Do you support building a fast rail connection between the Coliseum BART station and the Oakland Airport at a cost of $550 million?

Except that’s not quite accurate either, since the OAC is not actually going to be rail, because that would be too expensive. What we’re talking about building is basically an elevated busway. (I’m serious! The photo below comes from a BART presentation about OAC options.)

So we need to scratch the rail part, leaving us with:

Do you support building a fast, elevated connection between the Coliseum BART station and the Oakland Airport at a cost of $550 million?

Of course, a lot of people like the idea until they realize that if they’re going to the Airport with another person, it would be cheaper to take a cab. So we’ve got to insert something about the fare.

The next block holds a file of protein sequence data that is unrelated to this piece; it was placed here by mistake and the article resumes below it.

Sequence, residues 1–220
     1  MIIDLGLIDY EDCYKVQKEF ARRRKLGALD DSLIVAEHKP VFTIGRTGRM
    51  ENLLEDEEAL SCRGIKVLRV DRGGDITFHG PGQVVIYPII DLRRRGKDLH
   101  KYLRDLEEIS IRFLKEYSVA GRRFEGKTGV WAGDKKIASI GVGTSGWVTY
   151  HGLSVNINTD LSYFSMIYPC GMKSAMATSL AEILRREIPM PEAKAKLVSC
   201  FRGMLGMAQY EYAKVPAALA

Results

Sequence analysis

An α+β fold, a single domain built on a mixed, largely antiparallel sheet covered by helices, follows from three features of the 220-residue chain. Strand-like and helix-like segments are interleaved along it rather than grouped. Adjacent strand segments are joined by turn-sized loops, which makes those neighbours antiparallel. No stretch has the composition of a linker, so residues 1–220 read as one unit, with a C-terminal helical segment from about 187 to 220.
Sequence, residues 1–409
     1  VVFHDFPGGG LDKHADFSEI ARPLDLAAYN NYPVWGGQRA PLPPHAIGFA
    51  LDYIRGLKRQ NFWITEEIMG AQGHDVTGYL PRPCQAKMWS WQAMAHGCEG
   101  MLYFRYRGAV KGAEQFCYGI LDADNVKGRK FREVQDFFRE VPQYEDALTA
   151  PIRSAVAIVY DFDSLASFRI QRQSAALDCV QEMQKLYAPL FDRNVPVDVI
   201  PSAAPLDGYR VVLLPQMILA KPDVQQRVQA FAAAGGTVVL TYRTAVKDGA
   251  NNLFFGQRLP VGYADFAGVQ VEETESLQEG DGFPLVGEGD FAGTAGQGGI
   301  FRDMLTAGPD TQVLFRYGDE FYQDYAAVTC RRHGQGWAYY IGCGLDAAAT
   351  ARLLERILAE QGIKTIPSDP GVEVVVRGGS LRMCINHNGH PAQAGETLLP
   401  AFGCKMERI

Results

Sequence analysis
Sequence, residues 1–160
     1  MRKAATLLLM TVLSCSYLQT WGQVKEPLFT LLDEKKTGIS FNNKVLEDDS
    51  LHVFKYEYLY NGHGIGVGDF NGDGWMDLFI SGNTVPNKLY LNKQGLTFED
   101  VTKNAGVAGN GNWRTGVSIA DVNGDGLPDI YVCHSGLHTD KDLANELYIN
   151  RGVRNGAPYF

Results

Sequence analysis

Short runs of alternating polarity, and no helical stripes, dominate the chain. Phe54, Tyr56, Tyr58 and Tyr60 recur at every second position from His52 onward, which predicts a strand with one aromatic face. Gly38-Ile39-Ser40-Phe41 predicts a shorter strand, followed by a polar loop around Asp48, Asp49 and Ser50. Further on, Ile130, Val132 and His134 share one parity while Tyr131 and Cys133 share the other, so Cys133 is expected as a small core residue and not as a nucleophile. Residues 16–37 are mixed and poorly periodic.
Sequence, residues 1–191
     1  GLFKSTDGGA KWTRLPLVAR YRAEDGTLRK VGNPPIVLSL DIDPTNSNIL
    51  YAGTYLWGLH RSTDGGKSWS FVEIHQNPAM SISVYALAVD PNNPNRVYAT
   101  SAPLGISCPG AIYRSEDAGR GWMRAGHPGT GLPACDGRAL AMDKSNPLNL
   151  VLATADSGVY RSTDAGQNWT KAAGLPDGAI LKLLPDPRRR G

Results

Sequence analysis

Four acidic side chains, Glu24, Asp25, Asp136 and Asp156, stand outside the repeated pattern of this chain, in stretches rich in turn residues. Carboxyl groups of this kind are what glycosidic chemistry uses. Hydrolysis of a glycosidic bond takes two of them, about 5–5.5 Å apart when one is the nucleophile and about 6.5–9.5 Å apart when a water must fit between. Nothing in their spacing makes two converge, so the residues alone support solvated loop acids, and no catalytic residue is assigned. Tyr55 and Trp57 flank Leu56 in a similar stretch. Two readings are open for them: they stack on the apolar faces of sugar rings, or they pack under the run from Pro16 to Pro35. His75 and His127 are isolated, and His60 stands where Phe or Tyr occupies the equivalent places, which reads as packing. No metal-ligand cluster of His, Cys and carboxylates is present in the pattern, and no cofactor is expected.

Do you support building a fast, elevated connection that would take you from the Coliseum BART station and the Oakland Airport for a fee of $6 each way at a cost of $550 million?

We’re getting closer. But, of course, calling the OAC “fast” is a lie. Once upon a time, the Airport Connector was supposed to run at 45 miles per hour. That ship sailed a while ago, and this summer, BART released an addendum to their RFP that allows for a minimum speed of 27 miles per hour. Three of the four pre-qualified bidders on the project build systems that appear to operate no faster than 33 miles per hour. Keep in mind that the current bus connection, which operates in mixed traffic with zero speed-enhancing features, averages 10-12 minutes to get from the BART station to the Oakland Airport. So if we’re being honest, the question now becomes:

Do you support building an elevated connection that would take you from the Coliseum BART station to the Oakland Airport for a fee of $6 each way that is slower than the current bus and would cost $550 to build?